A friend of mine pointed out a fun variation where you ask questions like, “Would this person skateboard?” “Would this person speak a foreign language?” That might be a bit advanced for littler children, but it would certainly take away the inherent advantage male cards have.


    Just make it a rule not to ask the stupid gender question. That’s how we play it wen i was a kid

  • Jess

    “Also if girls want to be a girl in Guess Who? they’ll always lose against a boy, and it will be harder for them to win.”

    …I always had this problem as a kid… although small in the grand scheme of things, it matters to little girls! How frustrating. I hope they change it.

  • Kim Williams

    Wow! It’s just like the US Republican House committee leaders!

  • Kim Williams

    We will buy almost anything Doctor Who!

  • Siobhan Smith

    Being quite clever at maths when I was younger, after my first few games, I learnt quickly and always choose to be a boy. There was no way I was giving anyone that sort of advantage! However, I would definitely have enjoyed being able to have more choice in females to pick from. There are 2 ways I can think of to make the game the game more challenging and stop it becoming too easy when 50% of the board is wiped out. Either ban that question from being asked and only allow questions about ‘features’ this could also be made more challenging if there were women with moustaches and men who wore make up and would generally make the game a lot more interesting. Or simply make the game bigger so that when half the characters are knocked out there are still a lot of characters to guess from.

  • Christian Lee

    My little girl wants to me TMNT Michelangelo, not April. Batman, not Batgirl. Guess my one little girl invalidates the argument as well? @commentssectionsaredumb:disqus is correct. It is about different facial hair options. It’s also OK to point out these things to kids without turning it into a campaign. There are far more issues to get me upset as a parent than having less girls than boys on Guess Who. I’ll stick with worrying over Drug addicted mothers poisoning their kids…that the kid who told my son they can’t be friends because he’s black, has douche-bag parents…assuring him he won’t get starved in my house like he was previously. There are bigger issues.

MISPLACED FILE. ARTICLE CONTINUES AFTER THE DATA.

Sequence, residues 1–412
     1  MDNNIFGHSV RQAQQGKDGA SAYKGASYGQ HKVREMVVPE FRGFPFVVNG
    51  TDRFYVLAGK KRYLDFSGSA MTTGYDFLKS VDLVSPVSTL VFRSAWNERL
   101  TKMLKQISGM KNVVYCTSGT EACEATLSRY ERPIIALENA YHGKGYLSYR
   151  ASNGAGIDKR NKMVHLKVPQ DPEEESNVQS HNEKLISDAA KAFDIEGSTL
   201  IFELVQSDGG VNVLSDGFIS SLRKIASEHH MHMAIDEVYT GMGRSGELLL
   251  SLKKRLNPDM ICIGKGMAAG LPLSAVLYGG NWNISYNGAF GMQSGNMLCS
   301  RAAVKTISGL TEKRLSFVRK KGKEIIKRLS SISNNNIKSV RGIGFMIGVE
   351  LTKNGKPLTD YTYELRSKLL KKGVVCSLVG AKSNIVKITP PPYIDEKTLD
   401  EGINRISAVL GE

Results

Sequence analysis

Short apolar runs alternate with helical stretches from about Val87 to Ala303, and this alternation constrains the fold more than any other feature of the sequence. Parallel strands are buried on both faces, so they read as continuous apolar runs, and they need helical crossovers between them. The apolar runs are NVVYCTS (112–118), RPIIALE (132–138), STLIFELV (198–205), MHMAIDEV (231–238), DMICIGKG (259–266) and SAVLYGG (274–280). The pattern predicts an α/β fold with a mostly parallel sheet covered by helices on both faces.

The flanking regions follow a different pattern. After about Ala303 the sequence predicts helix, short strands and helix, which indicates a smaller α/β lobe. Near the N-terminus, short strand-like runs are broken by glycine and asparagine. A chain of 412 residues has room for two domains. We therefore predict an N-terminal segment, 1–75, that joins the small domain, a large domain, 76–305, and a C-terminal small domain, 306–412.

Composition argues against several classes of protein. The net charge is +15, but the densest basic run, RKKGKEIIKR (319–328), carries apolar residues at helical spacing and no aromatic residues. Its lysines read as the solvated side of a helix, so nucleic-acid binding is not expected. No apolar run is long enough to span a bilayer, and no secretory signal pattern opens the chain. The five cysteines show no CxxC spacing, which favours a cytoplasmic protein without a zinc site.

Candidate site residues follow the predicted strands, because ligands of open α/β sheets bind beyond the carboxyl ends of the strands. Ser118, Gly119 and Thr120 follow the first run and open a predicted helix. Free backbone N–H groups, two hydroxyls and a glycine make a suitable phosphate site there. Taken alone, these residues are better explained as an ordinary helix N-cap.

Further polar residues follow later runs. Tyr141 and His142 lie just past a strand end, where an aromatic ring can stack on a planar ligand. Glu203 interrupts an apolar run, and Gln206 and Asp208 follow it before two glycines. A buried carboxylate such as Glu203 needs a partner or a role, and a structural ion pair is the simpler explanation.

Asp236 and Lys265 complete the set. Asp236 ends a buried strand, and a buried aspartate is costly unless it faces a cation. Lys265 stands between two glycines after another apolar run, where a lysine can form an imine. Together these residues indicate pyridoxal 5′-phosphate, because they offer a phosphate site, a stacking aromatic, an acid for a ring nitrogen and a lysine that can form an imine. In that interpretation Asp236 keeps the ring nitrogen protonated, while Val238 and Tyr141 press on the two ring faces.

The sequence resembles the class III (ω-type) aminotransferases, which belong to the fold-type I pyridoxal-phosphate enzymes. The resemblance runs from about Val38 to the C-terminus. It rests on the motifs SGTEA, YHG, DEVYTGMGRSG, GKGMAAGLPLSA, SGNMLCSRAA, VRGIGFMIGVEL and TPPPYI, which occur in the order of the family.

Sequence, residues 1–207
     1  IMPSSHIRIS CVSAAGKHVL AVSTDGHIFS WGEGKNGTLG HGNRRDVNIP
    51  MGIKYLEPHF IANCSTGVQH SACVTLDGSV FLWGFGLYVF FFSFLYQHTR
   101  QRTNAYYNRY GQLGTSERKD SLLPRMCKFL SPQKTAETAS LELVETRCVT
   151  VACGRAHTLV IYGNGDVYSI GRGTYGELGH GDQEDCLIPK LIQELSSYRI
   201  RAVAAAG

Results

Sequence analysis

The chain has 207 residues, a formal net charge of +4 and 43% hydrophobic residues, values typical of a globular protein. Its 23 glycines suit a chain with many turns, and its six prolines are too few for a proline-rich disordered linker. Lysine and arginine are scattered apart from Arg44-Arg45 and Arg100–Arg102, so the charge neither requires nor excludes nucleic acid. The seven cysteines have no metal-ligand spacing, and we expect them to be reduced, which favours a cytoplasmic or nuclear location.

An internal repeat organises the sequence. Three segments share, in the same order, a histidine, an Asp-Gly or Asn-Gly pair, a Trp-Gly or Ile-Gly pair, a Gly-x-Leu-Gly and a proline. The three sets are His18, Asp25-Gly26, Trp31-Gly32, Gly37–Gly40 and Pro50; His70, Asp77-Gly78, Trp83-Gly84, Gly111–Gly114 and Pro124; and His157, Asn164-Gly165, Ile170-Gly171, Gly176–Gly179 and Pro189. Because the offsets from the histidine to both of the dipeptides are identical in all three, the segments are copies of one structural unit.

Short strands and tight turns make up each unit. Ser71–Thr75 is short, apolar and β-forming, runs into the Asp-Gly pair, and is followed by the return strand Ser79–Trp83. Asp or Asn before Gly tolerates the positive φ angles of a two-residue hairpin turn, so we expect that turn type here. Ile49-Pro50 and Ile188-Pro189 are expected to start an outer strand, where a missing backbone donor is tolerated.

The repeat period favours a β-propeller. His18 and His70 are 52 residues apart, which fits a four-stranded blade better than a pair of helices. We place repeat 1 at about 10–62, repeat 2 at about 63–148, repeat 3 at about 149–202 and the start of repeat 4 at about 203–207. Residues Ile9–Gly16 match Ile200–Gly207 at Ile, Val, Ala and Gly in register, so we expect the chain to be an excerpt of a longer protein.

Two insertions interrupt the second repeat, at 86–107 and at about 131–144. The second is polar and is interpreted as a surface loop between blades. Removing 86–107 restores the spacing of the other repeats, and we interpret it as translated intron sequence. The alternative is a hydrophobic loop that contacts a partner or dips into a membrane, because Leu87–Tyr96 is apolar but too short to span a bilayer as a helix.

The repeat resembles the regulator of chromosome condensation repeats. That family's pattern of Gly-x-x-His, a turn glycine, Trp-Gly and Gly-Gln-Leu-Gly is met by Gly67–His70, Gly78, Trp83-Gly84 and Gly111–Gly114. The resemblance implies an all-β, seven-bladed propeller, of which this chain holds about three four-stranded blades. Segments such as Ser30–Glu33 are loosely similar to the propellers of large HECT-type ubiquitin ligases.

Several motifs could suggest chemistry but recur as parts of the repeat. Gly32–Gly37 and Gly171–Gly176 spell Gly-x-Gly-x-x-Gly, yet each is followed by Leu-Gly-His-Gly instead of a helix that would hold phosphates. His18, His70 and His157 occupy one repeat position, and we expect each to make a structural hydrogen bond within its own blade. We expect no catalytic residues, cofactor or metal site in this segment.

• Christian Lee

    Who would be the female characters in Star Wars Guess Who? Would it include 3 different Leias? Slave-girl Leia?

  • Constance

    Um…I complained about this as a child, and I was told that there couldn’t be as many girls in it as boys because then boys wouldn’t play it. The sad thing is, I actually ate that drivel up. At least I got a couple more decades of ignorant bliss out of Hollywood before I started questioning gender imbalance, again.

  • Anonymous

    Except that the BBC will never authorize a license for a game based on Doctor Who using this game concept, so you’ll have to do it yourself.

  • Anonymous
  • Free hat

    Hasbro can’t deal with talking to kids properly, because they don’t make toys for kids. They make toys for adults to buy for kids.

  • Neville Ross

    Petitions are counted as one letter and don’t really work (they also end up getting thrown in the wastepaper basket.) If you want to effect change, you’ve got to have a massive letter writing campaign (with physical paper letters) sent to Hasbro, or nothing will happen.

  • Anonymous

    Clise – a petition is seen as one letter; each signature is seen as a phone call. It’s measured by the amount of time the act takes. S in the case of an Internet petition, clicking a mouse takes even less time than signing your name, so is seen as even less than a phone call.

  • Anonymous

    I did notice, growing up. We had a house rule that we couldn’t ask about the gender when we played, so that the board couldn’t get wiped out so quickly. No other question gets rid of this many faces, by far. And that’s the biggest issue.

  • The Nerdy Nutritionist

    My brother and I agreed early on that we would not ask the gender in order to make the game more fun regardless of which character we had drawn. It worked out well for us!

  • Neville Ross

    You should also be playing games like Dungeons & Dragons, and any other d10-d20 game.